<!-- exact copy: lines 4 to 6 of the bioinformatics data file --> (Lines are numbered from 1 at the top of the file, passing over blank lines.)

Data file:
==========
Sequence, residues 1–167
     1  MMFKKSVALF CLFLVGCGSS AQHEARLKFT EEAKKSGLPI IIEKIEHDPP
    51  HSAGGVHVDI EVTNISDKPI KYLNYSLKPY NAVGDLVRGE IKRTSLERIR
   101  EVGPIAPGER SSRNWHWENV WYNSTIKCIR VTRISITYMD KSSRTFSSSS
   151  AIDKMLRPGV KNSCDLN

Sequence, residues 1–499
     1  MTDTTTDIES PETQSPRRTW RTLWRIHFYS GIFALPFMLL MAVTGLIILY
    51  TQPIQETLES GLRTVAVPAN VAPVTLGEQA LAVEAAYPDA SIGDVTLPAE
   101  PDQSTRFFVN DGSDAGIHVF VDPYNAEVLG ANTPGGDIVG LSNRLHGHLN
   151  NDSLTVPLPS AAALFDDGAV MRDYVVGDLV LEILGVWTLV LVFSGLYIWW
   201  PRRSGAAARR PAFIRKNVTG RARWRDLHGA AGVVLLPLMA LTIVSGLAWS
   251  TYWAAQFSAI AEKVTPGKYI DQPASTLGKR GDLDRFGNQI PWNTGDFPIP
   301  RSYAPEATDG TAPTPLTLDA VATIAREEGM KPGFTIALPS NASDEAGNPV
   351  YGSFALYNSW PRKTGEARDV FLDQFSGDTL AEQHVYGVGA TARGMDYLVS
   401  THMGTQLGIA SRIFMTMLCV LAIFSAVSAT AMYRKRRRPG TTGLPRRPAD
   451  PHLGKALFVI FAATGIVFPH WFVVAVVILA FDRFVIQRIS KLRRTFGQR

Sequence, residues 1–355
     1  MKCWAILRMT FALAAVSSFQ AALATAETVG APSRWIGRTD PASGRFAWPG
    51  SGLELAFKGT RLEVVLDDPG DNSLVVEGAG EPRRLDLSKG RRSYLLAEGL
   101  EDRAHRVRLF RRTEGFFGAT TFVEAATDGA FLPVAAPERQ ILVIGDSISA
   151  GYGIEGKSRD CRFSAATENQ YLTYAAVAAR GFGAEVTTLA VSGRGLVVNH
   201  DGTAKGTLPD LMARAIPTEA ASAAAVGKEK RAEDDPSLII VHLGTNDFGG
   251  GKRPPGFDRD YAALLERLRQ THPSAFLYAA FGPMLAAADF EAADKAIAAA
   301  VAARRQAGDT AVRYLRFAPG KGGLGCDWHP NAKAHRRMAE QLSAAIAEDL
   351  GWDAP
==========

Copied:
   101  EVGPIAPGER SSRNWHWENV WYNSTIKCIR VTRISITYMD KSSRTFSSSS
   151  AIDKMLRPGV KNSCDLN

Sequence, residues 1–499